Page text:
Monday, March 23, 2009


I need help.

For those of you who remember, I posted a short story called "Golden Texas Tea" late last year/early this year.

Well, this particular story is #3 for my next novel. I plan on re-writing it into a ghost story and I got the main character's names changed. The problem I have is coming up with a new title.

The current title simply doesn't cut it (oh boy does it ever not cut it), so I want to give it a new title that would be more in line with what the story is gonna be about.

Writer's block I don't have for this story, because I've been working on the plot line for it for the past couple of weeks. Writer's block for the title I do have.

Sooooooooooooooo.............can anyone out there help me?


For my lurkers, my subscribers and any passersby, here's your chance to offer an opinion on something for this blog. I would love to hear from you.

For my regulars, here is a chance to try something completely different. Absolutely no hard work is involved beyond spending two minutes connecting various parts of speech together.

No reasonable suggestion will be ignored.

All will be considered.

I thank you in advance for your support in this worthy cause to help a flaky writer.


  1. I'll have to give it some thought, G.

    So this is probably what you don't want right now, but I tagged you over at my blog, :)

  2. Tagged?

    Hmmmm....I'll have to take a look and see what I can do.

    Last time I was tagged, I had to reach down into my chat room expirences in order to the meme properly.

    As for the other thing, by all means, give it some thought.

    It's really strange, but I can come up with one word titles for my flash in like a nano second, but trying to come up with a decent title for my longer stories has been a wierd exercise in futility.

    I haven't done this kind of thing in a while, sending an S.O.S. that is, because for the most part the well has remained relatively full since last summer.

  3. I suggest finding an interesting phrase or line found somewhere in the book, a line that is unique to it.

    And there's your answer!!

  4. I just read through a couple of the story's posts. The only thing I could come up with was "Stumbling Through Texas" or "Life Deals Detours in Texas". I don't know if I'm missing the mark of what drives the story. I enjoyed reading your posts. I would have to study it longer to get better ideas probably. Why did you pick the original title? I'm curious about the tea reference. Good luck!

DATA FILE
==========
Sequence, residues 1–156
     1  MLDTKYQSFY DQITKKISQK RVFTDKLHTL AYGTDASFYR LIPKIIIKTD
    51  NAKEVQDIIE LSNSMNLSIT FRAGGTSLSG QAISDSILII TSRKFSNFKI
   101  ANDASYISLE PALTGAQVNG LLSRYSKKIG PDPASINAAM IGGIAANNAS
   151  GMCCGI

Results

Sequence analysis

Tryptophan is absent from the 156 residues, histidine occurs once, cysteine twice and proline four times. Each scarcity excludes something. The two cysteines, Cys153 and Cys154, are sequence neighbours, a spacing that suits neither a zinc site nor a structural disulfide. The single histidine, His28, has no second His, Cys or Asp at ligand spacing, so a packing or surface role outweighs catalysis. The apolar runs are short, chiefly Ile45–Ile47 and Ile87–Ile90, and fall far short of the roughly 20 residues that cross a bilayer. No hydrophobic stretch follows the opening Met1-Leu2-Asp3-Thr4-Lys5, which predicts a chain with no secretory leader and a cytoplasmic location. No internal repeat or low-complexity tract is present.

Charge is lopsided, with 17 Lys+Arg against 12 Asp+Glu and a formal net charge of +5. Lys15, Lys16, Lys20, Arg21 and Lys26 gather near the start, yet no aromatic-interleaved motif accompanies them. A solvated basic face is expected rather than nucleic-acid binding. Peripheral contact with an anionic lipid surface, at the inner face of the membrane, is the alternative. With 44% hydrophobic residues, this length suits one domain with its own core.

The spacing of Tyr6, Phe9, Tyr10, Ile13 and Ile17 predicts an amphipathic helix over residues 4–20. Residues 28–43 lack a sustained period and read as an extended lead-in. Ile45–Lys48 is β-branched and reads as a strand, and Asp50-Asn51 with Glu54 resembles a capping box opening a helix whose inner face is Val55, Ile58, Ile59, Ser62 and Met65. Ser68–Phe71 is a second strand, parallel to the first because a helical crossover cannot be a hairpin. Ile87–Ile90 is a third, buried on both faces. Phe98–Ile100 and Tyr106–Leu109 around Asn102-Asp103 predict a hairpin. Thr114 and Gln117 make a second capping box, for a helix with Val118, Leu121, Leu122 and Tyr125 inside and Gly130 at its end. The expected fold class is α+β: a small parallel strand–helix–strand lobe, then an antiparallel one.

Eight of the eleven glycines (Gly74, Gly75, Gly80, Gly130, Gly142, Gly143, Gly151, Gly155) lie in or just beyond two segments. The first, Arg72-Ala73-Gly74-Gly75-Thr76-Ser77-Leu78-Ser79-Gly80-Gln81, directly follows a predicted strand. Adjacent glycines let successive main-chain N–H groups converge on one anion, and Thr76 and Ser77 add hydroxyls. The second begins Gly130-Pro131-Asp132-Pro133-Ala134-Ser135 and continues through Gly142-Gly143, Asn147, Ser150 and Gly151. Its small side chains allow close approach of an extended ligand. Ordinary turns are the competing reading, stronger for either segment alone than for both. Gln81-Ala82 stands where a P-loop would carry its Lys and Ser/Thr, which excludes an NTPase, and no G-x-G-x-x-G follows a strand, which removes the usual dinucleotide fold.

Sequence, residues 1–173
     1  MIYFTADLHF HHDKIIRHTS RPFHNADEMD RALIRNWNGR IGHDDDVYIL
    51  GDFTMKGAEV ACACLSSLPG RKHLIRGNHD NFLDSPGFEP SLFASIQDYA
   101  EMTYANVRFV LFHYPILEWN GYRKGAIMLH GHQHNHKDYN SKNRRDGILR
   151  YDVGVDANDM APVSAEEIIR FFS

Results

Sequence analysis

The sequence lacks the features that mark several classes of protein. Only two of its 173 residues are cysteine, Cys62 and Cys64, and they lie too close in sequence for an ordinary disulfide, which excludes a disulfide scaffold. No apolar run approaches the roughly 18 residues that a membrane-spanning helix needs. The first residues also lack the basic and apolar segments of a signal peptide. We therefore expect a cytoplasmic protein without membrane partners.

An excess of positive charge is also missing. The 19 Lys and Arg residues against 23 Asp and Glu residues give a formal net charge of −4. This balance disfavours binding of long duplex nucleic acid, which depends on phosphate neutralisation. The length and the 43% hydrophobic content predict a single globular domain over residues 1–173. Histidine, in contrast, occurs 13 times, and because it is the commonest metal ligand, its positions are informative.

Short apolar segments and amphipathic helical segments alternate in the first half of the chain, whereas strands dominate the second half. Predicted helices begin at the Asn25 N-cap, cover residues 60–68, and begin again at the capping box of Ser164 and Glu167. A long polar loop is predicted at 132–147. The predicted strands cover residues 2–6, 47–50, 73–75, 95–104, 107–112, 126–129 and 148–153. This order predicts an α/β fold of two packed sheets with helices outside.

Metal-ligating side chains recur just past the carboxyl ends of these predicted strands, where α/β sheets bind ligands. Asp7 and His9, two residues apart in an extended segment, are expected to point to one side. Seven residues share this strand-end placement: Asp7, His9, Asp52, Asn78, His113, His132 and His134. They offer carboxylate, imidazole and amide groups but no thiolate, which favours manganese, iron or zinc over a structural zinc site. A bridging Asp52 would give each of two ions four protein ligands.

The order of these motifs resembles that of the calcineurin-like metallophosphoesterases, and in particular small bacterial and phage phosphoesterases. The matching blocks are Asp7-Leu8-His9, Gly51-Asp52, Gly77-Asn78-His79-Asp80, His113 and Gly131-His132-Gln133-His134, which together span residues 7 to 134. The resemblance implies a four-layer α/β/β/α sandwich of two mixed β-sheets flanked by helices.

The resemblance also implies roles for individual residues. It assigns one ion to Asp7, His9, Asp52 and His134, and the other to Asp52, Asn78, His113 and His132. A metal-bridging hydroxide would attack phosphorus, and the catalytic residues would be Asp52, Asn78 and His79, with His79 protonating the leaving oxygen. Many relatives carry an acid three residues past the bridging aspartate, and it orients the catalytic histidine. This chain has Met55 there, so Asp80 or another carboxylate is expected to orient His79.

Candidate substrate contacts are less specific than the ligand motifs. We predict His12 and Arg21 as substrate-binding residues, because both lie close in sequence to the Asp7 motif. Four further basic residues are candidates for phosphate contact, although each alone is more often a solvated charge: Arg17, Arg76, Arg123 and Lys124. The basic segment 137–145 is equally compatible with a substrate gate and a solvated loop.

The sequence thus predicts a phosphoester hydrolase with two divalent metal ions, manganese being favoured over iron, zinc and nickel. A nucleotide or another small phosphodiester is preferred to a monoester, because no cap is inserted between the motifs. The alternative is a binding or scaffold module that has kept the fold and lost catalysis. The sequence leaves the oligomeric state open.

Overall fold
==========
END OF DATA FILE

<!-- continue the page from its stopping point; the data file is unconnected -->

5. Interesting idea. I know it sort of worked for the title of the book (was listening to the one Tom Cochrane song they overkill on radio), but it might be a little tougher for this story.

    This story is basically gonna be gutted and rebuilt, or "flipped" to use a popular term from last year.

    I did start thinking about it at work, but so far, only came up with "Limbo" (as in, the place between Heaven and Hell).

  6. Whoops, sorry about that Septembermom. Usually before I sign off for the night I make one last check of the blog to make sure I don't leave any comments behind.

    To anyone reading, my last comment was directed towards Jannie Funster. This one is directed towards Septembermom.

    Two very interesting titles you came up with. Thanks.

    Why did I pick the original title? To be honest with you, I'm not sure. I originally wrote this story in the summer of '06, and while I probably had a reason for the title then, it really does escape me now.

    All I can say is that now, the title really doesn't go with the story. There's almost like a major disconnect between the title (Tea? Oil?) and the content (Husband cheating? Dying?), so I'm looking for something that will mesh a little better with the updated version (a ghost story, using first and third p.o.v.).

  7. G, I am terrible at titles and rely on my wife most of the time. I do know that shorter most of the time is better.

  8. Now we see the power behind the throne. :-]

    Seriously, I do agree that shorter is better, especially in flash.